Edges of the Earth
Dettifoss is the most powerful waterfall in Europe. Water churns over its lip in a grey, tumultuous mass and falls to the mist-shrouded rocks below. The sense of power and unstoppable movement is just awesome. Dettifoss is not the highest or even the widest waterfall, although its certainly both those things, but the sheer volume of water that pours over its edge is unrivalled. As Callum commented, it’s like visiting the end of the world with the ocean disappearing into the unknown.
Walk a couple of kilometres upstream from Dettifoss and you come to Selfoss. Selfoss does not hold any records but is almost more impressive than Dettifoss anyway. Rather than just being a fall at the head of a gorge; Selfoss has water pouring from the end of the gorge and down both sides. So you end up with a long, narrow chasm with water pouring everywhere.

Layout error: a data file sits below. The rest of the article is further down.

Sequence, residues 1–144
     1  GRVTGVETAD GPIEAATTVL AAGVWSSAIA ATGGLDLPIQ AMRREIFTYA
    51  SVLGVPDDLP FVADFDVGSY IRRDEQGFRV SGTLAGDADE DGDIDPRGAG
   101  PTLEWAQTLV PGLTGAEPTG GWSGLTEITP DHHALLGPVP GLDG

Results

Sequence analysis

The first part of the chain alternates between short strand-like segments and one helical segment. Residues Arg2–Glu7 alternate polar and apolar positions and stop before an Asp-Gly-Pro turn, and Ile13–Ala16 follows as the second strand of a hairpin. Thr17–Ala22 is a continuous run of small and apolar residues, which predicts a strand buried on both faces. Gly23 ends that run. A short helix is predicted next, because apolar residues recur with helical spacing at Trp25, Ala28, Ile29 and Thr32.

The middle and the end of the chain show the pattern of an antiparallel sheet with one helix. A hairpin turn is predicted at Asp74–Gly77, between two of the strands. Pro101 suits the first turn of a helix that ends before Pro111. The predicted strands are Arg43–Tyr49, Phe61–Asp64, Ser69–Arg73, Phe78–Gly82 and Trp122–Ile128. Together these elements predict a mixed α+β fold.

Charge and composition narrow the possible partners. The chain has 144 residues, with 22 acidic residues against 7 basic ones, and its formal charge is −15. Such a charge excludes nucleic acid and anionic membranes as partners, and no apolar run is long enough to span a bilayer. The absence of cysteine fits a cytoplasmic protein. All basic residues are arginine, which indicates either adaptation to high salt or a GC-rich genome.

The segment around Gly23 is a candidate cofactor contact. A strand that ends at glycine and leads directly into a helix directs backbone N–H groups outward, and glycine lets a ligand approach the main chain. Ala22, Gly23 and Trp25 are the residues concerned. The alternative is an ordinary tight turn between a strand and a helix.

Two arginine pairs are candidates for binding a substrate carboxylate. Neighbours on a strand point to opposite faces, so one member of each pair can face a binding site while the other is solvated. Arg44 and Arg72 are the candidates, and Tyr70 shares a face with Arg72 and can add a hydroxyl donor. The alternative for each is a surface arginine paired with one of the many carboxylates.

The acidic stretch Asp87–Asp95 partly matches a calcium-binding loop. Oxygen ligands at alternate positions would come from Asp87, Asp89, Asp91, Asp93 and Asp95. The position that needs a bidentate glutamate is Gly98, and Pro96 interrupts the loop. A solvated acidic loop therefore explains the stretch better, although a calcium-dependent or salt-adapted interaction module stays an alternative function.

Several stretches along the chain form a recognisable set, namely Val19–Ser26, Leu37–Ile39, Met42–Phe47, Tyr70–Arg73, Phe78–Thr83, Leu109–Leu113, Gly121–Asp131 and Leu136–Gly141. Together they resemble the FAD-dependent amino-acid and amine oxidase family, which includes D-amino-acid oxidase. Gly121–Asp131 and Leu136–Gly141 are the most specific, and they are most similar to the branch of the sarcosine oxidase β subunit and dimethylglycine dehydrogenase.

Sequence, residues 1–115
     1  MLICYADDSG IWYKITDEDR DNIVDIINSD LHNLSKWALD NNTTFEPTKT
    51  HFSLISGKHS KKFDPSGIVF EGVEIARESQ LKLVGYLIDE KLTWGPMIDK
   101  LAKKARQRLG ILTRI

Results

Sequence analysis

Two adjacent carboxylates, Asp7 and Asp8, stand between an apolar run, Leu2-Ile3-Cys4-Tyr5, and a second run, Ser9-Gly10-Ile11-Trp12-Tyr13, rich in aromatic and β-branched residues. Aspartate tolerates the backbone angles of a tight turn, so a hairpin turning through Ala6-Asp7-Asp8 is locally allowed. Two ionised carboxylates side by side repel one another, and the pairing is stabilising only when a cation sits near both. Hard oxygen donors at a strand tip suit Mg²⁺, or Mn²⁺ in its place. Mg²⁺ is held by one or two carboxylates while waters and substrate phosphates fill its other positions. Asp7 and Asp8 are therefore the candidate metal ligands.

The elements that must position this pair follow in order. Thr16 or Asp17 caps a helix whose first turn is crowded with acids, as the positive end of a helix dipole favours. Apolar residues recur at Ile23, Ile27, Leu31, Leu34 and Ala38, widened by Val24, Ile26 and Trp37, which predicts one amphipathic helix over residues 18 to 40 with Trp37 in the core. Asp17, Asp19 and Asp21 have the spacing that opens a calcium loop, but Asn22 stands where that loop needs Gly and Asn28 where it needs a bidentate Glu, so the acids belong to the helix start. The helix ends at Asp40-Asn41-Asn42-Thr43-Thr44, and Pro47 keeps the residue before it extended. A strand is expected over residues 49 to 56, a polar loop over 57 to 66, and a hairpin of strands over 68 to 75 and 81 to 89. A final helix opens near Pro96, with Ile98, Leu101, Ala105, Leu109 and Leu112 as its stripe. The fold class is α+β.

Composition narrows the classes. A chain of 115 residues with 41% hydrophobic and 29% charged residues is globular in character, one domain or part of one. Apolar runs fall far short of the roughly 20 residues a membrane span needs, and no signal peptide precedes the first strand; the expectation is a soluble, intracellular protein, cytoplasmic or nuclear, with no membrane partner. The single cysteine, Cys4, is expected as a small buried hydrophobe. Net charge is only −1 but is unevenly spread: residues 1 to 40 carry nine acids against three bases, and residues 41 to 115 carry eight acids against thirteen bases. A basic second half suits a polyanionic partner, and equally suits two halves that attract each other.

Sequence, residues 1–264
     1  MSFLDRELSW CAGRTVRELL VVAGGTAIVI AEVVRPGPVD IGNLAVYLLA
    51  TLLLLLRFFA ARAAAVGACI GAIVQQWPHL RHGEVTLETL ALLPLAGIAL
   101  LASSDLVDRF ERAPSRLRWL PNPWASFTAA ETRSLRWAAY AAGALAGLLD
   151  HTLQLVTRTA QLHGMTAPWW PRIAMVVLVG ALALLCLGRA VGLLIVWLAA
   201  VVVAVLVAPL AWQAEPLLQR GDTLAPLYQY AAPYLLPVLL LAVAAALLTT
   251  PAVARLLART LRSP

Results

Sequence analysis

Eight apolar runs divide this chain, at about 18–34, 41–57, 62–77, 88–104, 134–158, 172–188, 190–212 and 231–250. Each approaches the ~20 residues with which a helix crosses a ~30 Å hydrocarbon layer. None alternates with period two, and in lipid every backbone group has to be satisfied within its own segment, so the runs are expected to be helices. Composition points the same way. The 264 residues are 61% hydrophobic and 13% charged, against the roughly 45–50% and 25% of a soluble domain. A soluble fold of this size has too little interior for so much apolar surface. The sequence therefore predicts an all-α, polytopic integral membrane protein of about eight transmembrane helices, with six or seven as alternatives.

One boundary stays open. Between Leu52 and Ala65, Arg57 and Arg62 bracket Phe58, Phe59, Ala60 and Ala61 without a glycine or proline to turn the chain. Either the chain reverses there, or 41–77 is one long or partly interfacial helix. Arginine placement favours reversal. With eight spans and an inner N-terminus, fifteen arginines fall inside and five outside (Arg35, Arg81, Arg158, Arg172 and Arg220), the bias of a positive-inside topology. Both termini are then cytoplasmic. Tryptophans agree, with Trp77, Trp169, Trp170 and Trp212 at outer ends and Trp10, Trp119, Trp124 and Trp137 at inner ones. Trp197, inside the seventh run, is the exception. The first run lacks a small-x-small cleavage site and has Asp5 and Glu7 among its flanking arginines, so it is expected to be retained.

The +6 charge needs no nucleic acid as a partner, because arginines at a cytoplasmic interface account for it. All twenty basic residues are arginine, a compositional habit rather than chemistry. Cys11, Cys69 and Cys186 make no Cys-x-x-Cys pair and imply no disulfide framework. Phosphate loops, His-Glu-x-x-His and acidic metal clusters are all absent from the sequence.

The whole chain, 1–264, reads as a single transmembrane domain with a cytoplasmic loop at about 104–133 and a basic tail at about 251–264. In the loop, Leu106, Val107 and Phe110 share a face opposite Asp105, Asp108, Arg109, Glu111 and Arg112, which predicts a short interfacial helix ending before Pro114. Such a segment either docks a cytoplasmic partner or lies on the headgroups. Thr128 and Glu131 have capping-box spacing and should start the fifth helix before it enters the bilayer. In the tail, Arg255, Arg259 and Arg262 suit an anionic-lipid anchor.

Sometime in the course of today we drove from the American continental plate to the European continental plate. With our current focus on geology this was an event that generated an unreasonable level of excitement in our family.
We’re spending the night in a hostel on the far North-East coast. The drive along the dirt road to get here was remarkable for all the wood tossed up on the shoreline: evidence of storm tossed winters. It’s like this is the place old telegraph poles go to die; except, of course, these poles are rounded by water not machine.
Ytra-lon is the furthest North we’ve been on this trip; or ever for that matter. We are currently 66.245935 degrees north. That’s not quite the Arctic Circle but it’s only a few miles short of it.
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